In Honor of Halloween (one photo)

I know, I know, the Double-crested Cormorant is not usually associated with Halloween. I want to know why it isn’t.

  • Dark, oily feathers
  • Long, snaky neck
  • Piercing eyes
  • Pointy downturned beak

Maybe the cormorant will never catch on for All Hallows Eve. At the very least, I found a creative way around publishing the usual crows and ravens for Halloween.

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Desert Double-crested Cormorant

We had less than 2 inches of rain our first year in Phoenix.

You read that correctly. Less than 2 inches of precipitation.

So I was shocked to find a diverse number of waterfowl and shore birds winter in Phoenix. All the habitat is man made, mainly community ponds or canals bringing water from mountain reservoirs or the Colorado River.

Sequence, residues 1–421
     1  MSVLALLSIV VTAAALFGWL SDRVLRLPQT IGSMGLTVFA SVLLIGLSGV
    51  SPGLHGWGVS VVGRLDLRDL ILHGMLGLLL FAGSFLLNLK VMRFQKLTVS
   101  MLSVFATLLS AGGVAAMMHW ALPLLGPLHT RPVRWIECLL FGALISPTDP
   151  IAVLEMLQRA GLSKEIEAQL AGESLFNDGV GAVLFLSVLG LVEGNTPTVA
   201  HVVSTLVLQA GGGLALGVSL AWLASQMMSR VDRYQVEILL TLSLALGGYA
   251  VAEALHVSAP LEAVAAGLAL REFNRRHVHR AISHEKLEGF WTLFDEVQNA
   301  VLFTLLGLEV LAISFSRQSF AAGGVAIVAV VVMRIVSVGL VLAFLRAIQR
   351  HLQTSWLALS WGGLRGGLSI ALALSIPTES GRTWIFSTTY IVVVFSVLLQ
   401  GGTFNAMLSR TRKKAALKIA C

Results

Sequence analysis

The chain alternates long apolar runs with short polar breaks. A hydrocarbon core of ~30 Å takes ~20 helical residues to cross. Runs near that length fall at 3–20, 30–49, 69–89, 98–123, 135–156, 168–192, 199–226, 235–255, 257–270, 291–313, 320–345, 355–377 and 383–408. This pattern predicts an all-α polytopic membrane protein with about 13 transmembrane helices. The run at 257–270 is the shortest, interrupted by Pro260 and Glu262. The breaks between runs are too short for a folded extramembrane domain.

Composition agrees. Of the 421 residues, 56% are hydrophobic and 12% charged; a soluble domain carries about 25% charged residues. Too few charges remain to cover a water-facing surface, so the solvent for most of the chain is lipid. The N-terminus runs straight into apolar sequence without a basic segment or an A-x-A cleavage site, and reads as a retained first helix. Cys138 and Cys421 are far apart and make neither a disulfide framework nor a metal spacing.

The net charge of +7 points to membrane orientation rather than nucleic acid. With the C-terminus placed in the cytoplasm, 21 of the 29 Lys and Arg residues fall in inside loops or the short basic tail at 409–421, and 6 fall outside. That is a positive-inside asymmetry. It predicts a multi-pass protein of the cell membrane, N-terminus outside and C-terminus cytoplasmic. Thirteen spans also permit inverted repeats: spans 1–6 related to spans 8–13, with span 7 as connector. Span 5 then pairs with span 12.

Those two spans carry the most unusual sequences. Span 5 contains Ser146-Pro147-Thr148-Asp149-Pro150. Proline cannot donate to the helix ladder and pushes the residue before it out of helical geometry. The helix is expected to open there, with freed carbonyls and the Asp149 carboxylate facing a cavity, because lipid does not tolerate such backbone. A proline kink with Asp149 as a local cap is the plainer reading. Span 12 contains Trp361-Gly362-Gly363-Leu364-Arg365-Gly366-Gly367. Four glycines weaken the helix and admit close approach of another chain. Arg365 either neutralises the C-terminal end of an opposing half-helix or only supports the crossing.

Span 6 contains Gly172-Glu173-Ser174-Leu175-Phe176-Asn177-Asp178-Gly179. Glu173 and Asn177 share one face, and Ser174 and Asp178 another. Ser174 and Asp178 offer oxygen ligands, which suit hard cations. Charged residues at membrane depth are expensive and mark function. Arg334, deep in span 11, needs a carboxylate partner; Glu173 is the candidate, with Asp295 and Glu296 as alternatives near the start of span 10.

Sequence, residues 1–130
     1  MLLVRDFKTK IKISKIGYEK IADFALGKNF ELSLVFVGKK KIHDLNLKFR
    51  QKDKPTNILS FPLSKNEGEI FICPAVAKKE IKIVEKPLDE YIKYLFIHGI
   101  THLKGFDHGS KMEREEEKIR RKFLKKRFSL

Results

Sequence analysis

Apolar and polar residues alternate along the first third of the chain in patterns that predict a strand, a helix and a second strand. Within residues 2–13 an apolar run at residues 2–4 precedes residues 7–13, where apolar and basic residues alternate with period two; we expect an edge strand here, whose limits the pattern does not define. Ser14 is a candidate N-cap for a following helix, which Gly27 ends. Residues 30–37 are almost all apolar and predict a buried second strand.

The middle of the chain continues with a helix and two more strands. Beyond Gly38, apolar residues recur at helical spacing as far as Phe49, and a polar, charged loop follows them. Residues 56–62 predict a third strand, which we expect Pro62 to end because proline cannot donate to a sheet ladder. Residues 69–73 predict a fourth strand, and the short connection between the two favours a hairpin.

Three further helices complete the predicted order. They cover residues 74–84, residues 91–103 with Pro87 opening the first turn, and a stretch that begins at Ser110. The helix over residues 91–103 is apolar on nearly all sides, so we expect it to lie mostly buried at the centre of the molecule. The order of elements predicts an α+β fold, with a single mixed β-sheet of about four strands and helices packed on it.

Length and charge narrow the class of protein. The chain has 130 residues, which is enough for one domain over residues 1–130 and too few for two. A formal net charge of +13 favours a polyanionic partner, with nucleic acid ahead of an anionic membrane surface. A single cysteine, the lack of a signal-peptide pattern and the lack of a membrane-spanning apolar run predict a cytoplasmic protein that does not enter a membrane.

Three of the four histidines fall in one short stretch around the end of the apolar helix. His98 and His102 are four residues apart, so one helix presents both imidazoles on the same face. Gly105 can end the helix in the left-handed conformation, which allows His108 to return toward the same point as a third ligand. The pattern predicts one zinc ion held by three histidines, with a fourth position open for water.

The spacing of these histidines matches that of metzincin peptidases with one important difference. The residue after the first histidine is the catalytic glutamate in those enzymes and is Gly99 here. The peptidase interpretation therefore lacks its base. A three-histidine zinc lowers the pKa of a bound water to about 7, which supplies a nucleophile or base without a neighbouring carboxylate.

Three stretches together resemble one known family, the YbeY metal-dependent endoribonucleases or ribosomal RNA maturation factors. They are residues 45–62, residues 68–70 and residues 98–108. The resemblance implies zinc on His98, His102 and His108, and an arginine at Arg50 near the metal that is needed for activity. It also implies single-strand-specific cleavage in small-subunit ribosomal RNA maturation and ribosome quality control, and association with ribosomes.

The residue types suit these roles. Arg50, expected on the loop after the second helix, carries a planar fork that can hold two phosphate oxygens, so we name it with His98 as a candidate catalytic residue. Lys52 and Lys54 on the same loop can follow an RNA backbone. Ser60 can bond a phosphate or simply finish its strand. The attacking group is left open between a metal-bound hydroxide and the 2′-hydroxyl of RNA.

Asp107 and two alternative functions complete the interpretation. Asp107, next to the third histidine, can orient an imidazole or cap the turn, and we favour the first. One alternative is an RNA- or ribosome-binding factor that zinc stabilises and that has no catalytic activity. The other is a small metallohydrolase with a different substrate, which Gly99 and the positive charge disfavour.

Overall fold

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These Double-crested Cormorants were in a pond at Red Mountain Park in Mesa, AZ this past February. The pond is large enough to support hundreds of birds. And its stocked with fish often enough to attract hunters as cormorants.

I found the eyes of the cormorants striking. The water reflects the sky which reflects in the eyes. However, I’ve found a few of people (FINE! A significant number) of people who say the birds rather unattractive.

Personally, I will continue to defend the gothic beauty of the Double-crested Cormorant.

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